Bacterial Tracheitis Clinical Presentation

Updated: Nov 01, 2023
  • Author: Sujatha Rajan, MD; Chief Editor: Russell W Steele, MD  more...
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Symptoms of bacterial tracheitis may be intermediately between those of epiglottitis and croup. Presentation is either acute or subacute.

In the classic presentation patients present acutely with fevers, toxic appearance, stridor, tachypnea, respiratory distress, and high WBC counts. Cough is frequent and not painful.

In a study by Salamone et al, a significant subset of older children (mean age, 8 y) did not have severe clinical symptoms. [16]

The prodrome is usually an upper respiratory infection, followed by progression to higher fever, cough, inspiratory stridor, and a variable degree of respiratory distress. [8]

Patients may acutely decompensate with worsening respiratory distress due to airway obstruction from a purulent membrane that has loosened.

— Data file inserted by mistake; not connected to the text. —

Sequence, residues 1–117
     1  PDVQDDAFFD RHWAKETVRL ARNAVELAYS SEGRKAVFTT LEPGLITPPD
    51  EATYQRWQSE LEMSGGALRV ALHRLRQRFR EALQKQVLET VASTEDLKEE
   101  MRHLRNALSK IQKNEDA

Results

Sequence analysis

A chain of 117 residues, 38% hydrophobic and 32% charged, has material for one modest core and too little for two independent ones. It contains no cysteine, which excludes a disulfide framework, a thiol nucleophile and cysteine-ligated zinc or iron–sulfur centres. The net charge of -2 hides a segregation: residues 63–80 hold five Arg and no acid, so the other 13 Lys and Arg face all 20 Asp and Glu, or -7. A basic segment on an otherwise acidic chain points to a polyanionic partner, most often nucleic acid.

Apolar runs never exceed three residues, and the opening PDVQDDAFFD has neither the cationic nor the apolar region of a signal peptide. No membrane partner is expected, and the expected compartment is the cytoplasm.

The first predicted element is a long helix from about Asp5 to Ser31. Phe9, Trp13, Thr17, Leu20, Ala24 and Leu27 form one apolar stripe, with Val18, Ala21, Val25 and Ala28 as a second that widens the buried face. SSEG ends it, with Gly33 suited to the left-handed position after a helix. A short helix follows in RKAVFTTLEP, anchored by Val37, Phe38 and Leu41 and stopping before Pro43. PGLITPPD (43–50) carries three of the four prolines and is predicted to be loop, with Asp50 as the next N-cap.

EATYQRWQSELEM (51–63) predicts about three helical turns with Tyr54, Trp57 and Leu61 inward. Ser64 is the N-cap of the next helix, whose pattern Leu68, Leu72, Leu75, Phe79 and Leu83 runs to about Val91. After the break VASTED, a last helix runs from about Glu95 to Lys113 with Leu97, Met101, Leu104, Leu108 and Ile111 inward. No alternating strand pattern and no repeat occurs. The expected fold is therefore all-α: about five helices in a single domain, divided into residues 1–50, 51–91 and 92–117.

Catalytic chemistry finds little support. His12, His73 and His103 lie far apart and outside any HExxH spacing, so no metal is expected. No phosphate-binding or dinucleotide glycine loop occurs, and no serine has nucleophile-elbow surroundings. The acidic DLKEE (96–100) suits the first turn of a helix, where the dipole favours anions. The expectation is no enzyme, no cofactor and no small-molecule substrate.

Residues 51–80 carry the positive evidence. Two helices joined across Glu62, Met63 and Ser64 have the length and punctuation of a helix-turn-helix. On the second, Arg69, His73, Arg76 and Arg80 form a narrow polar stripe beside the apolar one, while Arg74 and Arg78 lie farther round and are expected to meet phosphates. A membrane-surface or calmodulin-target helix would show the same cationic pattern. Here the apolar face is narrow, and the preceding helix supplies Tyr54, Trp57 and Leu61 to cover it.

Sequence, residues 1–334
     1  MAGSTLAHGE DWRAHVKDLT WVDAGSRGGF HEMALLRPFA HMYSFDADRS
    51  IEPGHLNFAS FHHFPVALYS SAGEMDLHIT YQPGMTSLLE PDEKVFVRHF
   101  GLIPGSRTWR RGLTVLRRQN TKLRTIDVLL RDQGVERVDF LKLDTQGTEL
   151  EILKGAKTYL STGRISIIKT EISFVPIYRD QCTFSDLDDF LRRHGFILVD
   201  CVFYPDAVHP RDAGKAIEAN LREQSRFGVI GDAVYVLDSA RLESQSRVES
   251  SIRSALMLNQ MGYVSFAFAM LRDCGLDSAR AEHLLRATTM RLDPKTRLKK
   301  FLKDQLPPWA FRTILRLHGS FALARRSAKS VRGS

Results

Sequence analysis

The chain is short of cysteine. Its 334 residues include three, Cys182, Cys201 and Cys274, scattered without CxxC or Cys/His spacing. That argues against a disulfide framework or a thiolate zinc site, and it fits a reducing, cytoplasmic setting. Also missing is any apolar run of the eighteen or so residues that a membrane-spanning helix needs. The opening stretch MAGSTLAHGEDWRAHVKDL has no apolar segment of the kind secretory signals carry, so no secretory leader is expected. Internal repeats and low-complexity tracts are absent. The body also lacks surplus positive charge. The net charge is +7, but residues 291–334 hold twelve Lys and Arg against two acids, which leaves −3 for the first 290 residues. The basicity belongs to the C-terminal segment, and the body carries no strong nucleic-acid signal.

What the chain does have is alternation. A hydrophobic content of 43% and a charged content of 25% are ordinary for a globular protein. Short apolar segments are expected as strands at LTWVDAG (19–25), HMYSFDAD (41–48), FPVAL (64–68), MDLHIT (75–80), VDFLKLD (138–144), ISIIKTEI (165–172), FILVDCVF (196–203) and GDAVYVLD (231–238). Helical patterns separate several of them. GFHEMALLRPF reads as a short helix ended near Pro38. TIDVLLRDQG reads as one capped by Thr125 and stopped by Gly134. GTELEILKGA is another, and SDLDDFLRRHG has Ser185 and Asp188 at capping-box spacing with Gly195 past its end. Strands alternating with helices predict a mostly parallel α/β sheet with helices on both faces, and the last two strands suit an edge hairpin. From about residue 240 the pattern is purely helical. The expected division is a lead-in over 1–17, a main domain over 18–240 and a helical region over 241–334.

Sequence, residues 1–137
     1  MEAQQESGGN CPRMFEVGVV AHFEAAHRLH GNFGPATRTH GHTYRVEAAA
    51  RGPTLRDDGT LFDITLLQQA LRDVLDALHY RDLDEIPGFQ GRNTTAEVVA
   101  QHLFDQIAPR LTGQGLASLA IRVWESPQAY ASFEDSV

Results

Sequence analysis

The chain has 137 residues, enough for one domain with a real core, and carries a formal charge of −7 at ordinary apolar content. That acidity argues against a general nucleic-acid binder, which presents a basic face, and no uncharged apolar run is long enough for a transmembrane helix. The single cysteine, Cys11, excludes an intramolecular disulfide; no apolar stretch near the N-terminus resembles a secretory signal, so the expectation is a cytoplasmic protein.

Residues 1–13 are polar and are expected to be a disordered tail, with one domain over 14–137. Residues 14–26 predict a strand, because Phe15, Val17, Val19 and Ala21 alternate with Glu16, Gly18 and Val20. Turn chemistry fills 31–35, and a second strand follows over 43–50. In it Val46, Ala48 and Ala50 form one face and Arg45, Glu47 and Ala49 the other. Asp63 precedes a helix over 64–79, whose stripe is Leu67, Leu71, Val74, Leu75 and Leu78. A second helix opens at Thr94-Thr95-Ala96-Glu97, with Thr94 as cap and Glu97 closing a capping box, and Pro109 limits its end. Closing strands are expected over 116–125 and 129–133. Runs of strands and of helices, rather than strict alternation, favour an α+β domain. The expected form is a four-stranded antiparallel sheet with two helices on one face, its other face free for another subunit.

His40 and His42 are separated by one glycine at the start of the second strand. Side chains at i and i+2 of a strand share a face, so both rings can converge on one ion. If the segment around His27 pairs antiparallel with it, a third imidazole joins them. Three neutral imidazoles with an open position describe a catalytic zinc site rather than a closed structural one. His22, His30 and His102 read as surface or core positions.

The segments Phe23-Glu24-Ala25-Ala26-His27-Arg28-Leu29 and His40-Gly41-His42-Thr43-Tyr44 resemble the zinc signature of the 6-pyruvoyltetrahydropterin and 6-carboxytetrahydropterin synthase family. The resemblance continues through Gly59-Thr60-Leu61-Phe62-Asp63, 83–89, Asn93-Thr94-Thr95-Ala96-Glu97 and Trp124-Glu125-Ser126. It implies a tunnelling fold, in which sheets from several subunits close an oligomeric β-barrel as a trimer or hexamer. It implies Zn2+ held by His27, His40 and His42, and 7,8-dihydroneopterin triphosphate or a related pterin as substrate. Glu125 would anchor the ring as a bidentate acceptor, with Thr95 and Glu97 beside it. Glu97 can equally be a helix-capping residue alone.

Patients have been reported to present with symptoms and signs of bacterial tracheitis and multiorgan failure due to exotoxin-producing strains of Staphylococcus aureus or Streptococcus pyogenes in the trachea.

A high index of suspicion for bacterial tracheitis is needed in children with viral croup–like symptoms who do not respond to standard croup treatment or clinically worsen.

A study by Patnaik et al found that among pediatric patients aged between 5 and 18 years, bacterial tracheitis was one of the most common causes of stridor. [17]


Physical Examination

The following physical findings may be noted:

  • Inspiratory stridor (with or without expiratory stridor)

  • Fever

  • Barklike or brassy cough

  • Hoarseness

  • Worsening or abruptly occurring stridor

  • Varying degrees of respiratory distress

    • Retractions

    • Dyspnea

    • Nasal flaring

    • Cyanosis

  • Sore throat, odynophagia

  • Dysphonia

  • No drooling

  • No specific position of comfort (The patient may lie supine.)